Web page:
A runoff is required if no candidate wins more than 50 percent of the vote. Mr. Slocum drew 39 percent of the vote, and Ms. Masur placed second with 21 percent, according to semi-official results from the county Elections Office.
"You know what, my goal was to be in the top two and make it to November," she told the Almanac. "I'm very happy about it. Sixty percent of the county did not vote to support him. It's a new race. (The primary) race is over. It's going to be a lot of work and we're ready."
Asked for his take, Mr. Slocum paused, then suggested that his victory may have been due to name recognition and his "innovative" ways during 24 years as chief elections officer and assessor-county clerk-recorder. He retired in 2010. "Voters still remember some of my positive record," he said. "I crafted a message that represented (my priorities) and what I was all about and who I was. Maybe that message resonated with them."
Mr. Slocum and Ms. Masur, both residents of Redwood City, are running to replace Rose Jacobs Gibson in the District 4 seat on the Board of Supervisors. The district includes Menlo Park, East Palo Alto, Redwood City and the unincorporated communities of North Fair Oaks and Oak Knoll.
The election drew 85,227 votes, according to the latest count, with Mr. Slocum receiving 31,100 and Ms. Masur 18,126.
The rest were distributed among the five other candidates: Menlo Park Mayor Kirsten Keith, 12,774 (15 percent); East Palo Alto City Council member Carlos Romero, 7,565 (8.9 percent); county Board of Education member Memo Morantes, 6,830 (8 percent); Menlo Park City Councilman Andy Cohen, 4,152 (4.9 percent); and Redwood City Planning Commissioner Ernie Schmidt, 2,680 (3.1 percent).
Reelected and running unopposed were supervisors Dave Pine and Adrienne Tissier, who represent communities in the north part of the county. Supervisors must live in the district they represent, but they run for election county-wide.
Services the Board of Supervisors oversees include public health, the county jail, criminal prosecution, child support, care for the aged and people with disabilities and behavioral problems, protection of the environment and county parks, and housing for residents with financial hardships.
Supervisors receive an annual salary of $117,460. Mr. Slocum, who has a pension from his 24 years as chief elections officer and assessor-county clerk-recorder, said he would follow the example set by former longtime county sheriff and current supervisor, Don Horsley, and forego his salary.
Mr. Slocum, 64, is a 30-year resident of Redwood City. He and his wife Maria-Diaz-Slocum have two sons. He graduated from San Diego State University with a bachelor's degree in U. S. history, he told the Almanac.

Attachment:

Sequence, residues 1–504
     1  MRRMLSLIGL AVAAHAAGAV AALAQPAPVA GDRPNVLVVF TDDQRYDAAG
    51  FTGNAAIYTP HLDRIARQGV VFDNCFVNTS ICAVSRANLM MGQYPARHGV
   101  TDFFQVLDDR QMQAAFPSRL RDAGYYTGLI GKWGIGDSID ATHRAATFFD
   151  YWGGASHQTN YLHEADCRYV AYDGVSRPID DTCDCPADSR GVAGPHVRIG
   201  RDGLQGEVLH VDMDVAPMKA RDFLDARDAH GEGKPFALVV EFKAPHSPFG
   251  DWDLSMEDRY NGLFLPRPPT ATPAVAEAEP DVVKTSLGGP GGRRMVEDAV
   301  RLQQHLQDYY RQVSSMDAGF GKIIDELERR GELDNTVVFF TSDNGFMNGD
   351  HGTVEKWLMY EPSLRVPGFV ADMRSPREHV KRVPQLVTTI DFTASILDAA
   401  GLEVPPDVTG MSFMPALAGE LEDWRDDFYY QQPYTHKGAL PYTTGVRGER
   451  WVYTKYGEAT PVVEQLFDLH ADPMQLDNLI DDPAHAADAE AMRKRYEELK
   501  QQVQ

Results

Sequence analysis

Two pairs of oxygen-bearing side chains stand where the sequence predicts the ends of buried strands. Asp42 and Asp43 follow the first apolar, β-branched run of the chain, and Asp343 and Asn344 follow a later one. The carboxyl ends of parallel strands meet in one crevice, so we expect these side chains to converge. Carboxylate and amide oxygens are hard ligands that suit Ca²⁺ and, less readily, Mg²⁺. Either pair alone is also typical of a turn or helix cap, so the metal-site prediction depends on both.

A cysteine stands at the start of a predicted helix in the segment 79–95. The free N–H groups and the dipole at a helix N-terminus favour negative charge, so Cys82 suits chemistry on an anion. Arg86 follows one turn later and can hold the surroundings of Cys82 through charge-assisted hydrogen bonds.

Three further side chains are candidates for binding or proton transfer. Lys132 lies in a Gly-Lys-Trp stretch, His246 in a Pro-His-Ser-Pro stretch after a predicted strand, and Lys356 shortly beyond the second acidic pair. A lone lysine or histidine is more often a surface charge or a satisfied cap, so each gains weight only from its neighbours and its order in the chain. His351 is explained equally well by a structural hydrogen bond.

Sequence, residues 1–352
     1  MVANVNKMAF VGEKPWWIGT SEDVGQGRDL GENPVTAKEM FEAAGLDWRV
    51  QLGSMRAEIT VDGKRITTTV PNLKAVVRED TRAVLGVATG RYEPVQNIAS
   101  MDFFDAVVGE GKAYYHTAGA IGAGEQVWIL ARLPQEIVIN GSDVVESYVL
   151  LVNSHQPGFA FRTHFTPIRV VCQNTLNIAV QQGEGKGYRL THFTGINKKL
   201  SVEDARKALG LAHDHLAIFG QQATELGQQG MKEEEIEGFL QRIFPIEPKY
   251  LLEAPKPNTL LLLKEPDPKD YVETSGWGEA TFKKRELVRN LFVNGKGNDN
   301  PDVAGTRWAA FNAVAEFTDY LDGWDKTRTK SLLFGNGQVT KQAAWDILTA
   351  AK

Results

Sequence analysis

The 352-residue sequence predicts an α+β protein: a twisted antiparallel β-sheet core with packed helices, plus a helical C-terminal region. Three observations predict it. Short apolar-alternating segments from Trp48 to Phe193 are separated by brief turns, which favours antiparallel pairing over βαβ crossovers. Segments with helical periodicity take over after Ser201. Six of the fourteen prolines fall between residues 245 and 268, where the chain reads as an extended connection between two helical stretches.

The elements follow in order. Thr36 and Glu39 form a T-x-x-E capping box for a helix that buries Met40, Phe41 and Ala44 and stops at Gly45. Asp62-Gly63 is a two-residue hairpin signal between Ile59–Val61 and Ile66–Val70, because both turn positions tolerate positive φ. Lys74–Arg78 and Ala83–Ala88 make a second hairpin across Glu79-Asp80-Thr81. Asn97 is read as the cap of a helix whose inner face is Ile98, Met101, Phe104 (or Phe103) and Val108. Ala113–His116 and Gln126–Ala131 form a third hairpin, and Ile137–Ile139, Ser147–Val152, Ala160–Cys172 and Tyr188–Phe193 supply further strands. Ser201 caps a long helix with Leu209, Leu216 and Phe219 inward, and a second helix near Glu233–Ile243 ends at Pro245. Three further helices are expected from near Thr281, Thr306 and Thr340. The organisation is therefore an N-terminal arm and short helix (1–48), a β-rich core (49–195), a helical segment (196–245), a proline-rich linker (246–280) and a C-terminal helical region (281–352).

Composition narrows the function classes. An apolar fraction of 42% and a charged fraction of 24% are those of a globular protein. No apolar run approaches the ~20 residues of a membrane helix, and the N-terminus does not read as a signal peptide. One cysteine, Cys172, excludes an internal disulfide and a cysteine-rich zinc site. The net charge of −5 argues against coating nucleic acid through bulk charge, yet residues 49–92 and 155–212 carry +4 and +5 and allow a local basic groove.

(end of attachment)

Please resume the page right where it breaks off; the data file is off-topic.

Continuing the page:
Ms. Masur, 47, has a bachelor's degree from Macalester College and a master's degree in public health from Hunter College/City University of New York, she told the Almanac. She is the executive director of Teen Talk, a nonprofit organization devoted to preventing teen pregnancies, according to her online biography.
Among factors crucial to winning a county-wide election are fundraising, endorsements and name recognition.
Mr. Slocum likely won the name-recognition contest hands down. Anyone who registered to vote or had real property assessed between 1986 and 2010 in San Mateo County would have seen his name as the chief elections officer and assessor.
Ms. Masur beat Mr. Slocum soundly in convincing people to give her campaign money and endorse her candidacy.
She raised a total of $96,818, according to campaign finance reports. She had an early start, with $28,202 in contributions from the last half of 2011.
Mr. Slocum, who joined the race in early March, received $20,237 in campaign donations, but he is ready for a fight. His campaign's overall revenues include family loans of $102,683, finance reports show.
Ms. Masur, alone among the seven candidates, neither borrowed nor lent her campaign money, according to her reports.
She is also alone in the extent of her support from organized labor, including electrical workers, plumbers and steamfitters, firefighters and government employees.
Mr. Slocum's list of endorsements once included the San Mateo County Labor Council, but the council told him to remove it, he said in an interview. It was an "open" endorsement, meaning that the Labor Council allowed member unions to endorse him if they chose to. Apparently, none did.
Unions can help a candidate with funding for direct-mail campaigns and providing volunteers to go door-to-door, both important when running in a large metropolitan county.
If endorsements by current or former elected officials are valuable, Ms. Masur won that category, too. Her website lists 93, including four from Sacramento, 71 from San Mateo County, and 21 from elsewhere in the state.
Mr. Slocum's website listed endorsements from 13 elected officials, all from the county and exceeded by Menlo Park Mayor Kirsten Keith with 47 such endorsements and East Palo Alto City Councilman Carlos Romero with 22.